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Topic: Arduino PID Library (Read 59 times) previous topic - next topic

psyber

#55
Aug 23, 2009, 09:58 pm Last Edit: Aug 23, 2009, 09:59 pm by psyber Reason: 1
Quote

foo.cpp
Code:

#include "PID_Beta6.h"
#include "foo.h"

foo::foo() : myPID(&Input, &Output, &Setpoint,2,5,1)
{
  // initialize foo
}




I had to look up initialization lists, in my real life I've never used them. In another environment I'd include a pointer to a PID object in my class and use new to create it in the constructor.



Nice!  I figured there was some way to do it without monkeying around with the original library.  I just wish there was a more intuitive method as my C/C++ is extremely rusty.  I don't think this is covered in any of my old textbooks either.   >:(

br3ttb:
As for the middle ground solution, I see no difference between you adding the code and then commenting it out, and having a developer simply add the code.  In either case someone still has to edit the class and rebuild the library.



 




 

spamiam

I hate to resurrect this old thread, but it is a good one, and the PID software looks really good.

Before finding this thread, I wrote my own.  I was particularly interested to see how wind-up was handled.  I saw that the Integral term was not incremented when the output was maxed.  

This seems like a great idea, but doesn't it cause a bit of a glitch when the output drops down from max?  Maybe the integral term is well below the value resulting in maximum output due to some other factor such as the differential.

Is this really going to make much of a glitch under these circumstances?  I suspect that a "properly" tuned loop will not have such odd behaviour that the differential can push the output that far up/down.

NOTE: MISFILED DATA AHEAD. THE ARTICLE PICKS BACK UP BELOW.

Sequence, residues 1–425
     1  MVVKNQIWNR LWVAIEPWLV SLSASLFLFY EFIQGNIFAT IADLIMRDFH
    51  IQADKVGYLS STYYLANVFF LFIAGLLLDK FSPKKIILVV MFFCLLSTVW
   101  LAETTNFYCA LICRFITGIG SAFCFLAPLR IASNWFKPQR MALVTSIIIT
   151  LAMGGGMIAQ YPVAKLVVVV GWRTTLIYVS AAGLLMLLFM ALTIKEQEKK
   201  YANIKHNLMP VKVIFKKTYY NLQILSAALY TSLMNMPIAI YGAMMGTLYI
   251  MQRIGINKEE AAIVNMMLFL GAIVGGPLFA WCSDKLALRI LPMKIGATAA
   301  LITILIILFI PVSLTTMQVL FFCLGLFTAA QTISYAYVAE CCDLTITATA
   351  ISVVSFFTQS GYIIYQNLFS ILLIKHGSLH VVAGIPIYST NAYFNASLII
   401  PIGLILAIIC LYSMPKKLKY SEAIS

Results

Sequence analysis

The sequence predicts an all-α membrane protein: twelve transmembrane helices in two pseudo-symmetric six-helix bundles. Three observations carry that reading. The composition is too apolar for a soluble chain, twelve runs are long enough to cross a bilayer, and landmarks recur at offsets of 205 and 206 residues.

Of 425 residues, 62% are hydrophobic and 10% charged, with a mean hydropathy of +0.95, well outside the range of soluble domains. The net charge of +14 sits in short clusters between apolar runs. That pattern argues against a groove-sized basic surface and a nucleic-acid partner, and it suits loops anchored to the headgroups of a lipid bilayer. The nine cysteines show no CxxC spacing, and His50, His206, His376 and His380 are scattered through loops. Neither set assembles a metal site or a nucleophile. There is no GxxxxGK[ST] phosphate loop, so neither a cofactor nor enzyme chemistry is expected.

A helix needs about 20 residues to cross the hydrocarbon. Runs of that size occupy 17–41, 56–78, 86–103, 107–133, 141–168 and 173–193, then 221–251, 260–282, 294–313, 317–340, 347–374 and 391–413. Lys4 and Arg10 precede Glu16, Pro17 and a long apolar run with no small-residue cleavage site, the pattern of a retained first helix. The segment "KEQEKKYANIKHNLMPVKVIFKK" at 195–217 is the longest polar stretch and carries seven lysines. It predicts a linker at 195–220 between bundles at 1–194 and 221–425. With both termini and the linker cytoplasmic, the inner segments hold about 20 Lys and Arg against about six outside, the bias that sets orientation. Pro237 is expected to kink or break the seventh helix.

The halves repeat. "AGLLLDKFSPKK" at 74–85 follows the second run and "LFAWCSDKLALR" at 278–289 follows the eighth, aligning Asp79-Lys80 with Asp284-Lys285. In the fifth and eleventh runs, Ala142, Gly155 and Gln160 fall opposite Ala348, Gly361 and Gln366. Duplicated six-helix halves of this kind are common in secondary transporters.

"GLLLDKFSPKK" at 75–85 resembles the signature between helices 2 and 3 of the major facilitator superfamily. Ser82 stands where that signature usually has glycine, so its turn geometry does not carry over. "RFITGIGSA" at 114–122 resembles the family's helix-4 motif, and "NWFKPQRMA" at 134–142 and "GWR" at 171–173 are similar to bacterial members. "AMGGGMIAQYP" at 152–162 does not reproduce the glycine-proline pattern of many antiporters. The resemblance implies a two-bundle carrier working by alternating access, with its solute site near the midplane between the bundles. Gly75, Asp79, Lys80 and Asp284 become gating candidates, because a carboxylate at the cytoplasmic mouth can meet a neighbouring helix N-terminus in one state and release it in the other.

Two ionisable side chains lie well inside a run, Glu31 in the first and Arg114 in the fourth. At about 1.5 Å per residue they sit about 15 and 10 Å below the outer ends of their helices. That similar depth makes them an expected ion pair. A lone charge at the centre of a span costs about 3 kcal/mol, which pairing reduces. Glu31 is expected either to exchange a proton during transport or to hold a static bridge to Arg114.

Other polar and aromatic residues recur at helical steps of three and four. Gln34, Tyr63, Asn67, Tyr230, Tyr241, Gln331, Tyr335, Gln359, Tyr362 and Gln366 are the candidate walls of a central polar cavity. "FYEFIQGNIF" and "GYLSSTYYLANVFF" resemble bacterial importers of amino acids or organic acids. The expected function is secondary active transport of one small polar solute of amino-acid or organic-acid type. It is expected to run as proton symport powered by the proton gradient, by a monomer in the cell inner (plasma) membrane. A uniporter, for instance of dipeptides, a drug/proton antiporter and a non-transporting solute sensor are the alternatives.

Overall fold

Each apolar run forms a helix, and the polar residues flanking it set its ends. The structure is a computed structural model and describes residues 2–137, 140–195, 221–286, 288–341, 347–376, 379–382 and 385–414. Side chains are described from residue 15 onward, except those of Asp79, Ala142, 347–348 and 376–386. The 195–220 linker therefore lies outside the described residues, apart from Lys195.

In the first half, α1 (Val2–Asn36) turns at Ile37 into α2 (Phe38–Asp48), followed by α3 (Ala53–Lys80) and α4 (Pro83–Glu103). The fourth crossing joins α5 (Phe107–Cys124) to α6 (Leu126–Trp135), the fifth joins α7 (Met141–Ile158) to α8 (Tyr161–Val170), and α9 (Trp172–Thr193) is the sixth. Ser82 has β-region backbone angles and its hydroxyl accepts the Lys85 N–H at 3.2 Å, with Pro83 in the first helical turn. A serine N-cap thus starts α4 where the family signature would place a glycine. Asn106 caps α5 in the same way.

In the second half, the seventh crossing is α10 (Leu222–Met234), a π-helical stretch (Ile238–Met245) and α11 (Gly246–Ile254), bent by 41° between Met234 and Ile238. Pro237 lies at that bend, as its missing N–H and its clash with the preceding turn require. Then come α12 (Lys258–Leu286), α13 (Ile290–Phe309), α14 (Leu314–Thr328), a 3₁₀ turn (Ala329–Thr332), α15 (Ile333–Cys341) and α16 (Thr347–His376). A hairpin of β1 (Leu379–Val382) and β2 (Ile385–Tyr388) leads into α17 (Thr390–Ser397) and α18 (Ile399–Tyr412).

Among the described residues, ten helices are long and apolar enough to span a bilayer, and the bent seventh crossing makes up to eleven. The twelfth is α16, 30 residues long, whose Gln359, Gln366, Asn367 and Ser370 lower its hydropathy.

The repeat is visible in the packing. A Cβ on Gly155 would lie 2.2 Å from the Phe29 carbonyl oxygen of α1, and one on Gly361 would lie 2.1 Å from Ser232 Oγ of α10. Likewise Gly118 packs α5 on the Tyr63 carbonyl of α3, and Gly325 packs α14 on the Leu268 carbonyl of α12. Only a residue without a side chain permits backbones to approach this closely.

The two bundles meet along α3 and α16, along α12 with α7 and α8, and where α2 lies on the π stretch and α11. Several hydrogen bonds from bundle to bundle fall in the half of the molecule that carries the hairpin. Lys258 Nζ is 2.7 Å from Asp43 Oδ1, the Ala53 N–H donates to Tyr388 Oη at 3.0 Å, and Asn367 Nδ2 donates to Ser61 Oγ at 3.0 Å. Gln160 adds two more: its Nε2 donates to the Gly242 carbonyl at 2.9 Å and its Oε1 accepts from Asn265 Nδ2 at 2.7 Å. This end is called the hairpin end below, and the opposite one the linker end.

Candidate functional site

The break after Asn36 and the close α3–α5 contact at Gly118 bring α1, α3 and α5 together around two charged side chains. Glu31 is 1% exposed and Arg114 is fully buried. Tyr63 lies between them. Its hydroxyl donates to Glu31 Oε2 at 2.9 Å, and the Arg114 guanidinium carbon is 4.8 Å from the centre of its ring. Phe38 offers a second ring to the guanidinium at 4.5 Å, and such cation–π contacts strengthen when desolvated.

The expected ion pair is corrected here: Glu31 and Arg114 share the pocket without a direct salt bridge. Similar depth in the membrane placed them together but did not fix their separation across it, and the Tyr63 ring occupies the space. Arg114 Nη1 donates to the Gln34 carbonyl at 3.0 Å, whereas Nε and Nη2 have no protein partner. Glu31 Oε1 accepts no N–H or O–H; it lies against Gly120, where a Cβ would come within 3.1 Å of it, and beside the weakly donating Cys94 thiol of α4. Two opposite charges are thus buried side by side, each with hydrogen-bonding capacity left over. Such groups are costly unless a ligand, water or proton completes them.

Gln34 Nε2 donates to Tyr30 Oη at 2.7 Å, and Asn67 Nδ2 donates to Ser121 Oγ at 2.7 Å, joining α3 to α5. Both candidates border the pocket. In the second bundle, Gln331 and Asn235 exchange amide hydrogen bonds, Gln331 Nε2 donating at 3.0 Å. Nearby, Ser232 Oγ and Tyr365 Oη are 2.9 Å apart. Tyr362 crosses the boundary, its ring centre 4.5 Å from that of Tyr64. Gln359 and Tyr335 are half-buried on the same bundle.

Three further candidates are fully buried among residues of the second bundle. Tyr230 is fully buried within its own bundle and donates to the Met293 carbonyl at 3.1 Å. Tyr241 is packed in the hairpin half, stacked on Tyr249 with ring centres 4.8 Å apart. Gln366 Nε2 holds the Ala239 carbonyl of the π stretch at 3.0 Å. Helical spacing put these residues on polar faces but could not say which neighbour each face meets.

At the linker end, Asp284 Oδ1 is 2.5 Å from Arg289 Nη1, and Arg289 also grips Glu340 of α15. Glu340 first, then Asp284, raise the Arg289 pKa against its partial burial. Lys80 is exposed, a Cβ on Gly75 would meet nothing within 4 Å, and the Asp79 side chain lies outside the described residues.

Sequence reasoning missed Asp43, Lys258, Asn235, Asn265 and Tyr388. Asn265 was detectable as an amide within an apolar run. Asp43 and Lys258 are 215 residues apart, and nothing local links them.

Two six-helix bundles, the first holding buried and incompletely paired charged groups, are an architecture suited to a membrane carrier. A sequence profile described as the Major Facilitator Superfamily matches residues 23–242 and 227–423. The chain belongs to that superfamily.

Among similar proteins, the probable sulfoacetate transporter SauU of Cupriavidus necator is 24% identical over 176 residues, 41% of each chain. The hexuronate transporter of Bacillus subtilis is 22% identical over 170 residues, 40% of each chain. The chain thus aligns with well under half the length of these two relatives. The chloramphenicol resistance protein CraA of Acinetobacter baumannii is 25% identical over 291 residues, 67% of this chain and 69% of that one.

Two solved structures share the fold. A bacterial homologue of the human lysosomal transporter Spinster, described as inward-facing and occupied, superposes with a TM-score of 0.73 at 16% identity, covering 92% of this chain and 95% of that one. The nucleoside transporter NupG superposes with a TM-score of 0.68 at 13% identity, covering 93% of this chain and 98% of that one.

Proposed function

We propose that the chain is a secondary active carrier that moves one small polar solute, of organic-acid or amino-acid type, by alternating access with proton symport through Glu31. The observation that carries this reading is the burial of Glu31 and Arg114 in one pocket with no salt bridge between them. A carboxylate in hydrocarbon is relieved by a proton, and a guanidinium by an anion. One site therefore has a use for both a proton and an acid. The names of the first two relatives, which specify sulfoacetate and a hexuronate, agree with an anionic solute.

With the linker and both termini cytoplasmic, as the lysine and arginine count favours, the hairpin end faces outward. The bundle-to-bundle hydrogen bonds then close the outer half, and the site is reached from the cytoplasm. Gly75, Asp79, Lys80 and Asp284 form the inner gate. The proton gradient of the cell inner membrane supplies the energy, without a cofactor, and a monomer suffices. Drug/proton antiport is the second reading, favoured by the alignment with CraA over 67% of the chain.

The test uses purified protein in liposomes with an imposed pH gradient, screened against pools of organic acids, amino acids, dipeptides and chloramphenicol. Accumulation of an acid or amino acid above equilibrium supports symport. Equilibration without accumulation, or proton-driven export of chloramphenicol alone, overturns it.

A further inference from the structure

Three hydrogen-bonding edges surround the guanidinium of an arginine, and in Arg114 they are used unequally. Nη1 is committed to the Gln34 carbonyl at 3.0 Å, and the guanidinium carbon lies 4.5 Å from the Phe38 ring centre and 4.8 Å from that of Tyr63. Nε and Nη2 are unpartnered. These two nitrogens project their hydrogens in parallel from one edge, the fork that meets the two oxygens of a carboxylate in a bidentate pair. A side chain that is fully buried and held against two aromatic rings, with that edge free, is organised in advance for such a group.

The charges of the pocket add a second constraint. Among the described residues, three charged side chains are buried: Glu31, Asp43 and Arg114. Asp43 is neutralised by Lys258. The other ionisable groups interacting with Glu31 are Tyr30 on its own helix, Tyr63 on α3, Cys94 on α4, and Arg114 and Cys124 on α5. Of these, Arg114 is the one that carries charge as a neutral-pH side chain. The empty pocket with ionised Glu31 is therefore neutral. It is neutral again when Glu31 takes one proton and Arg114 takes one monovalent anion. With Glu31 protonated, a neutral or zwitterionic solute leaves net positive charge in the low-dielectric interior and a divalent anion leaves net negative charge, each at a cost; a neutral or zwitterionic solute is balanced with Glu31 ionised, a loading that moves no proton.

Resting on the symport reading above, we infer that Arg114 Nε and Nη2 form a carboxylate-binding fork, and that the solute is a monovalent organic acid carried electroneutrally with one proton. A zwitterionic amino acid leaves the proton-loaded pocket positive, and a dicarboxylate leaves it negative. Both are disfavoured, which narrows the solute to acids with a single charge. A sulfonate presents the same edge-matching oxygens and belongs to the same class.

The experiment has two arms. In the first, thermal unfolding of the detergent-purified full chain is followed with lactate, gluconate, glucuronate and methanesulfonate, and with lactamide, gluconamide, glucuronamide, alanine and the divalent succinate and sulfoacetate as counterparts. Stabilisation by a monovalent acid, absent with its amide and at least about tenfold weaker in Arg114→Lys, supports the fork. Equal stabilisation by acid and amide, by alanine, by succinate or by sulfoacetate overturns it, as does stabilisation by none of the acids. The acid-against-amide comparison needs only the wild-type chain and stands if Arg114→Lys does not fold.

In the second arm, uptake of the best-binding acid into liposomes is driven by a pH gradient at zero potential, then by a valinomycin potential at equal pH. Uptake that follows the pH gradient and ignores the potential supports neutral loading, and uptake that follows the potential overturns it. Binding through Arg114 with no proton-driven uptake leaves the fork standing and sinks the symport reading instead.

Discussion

I attempted to limit wind-up by not allowing the integral term to exceed the value that results in full output on its own.  Is this not good enough?

-Tony

br3ttb

Quote
doesn't it cause a bit of a glitch when the output drops down from max?

I haven't noticed this.  the inclusion of the (err>0) and (err<0) are supposed to (and seem to) keep this from happening

Quote
limit wind-up by not allowing the integral term to exceed the value that results in full output on its own.  Is this not good enough?

the short answer is "yes."   It's not as simple with the form of the pid I'm using, because I have a bias term in the mix.  I'm in the process of migrating the library toward the method you describe.  

Brett

Datapolo

Brett, nice library and easy to use and tidies up my code nicely. Any news on the 'lite'version for basic functionality?

Cheers,
Mike

br3ttb

#59
Oct 16, 2009, 12:48 pm Last Edit: Oct 16, 2009, 01:06 pm by br3ttb Reason: 1
Quote
Any news on the 'lite'version for basic functionality?


I've actually decided to ditch the idea of a lite version.  Instead I'm working on reducing the footprint of the full version.  The next revision of the library is almost done.  it uses integer math throughout, so it's about half the size and 10X faster.

Brett

[edit]On second thought I may be able to add some preprocessor flags to remove a lot of the extra functionality, resulting in a lite library.  I'll see what I can do[/edit]

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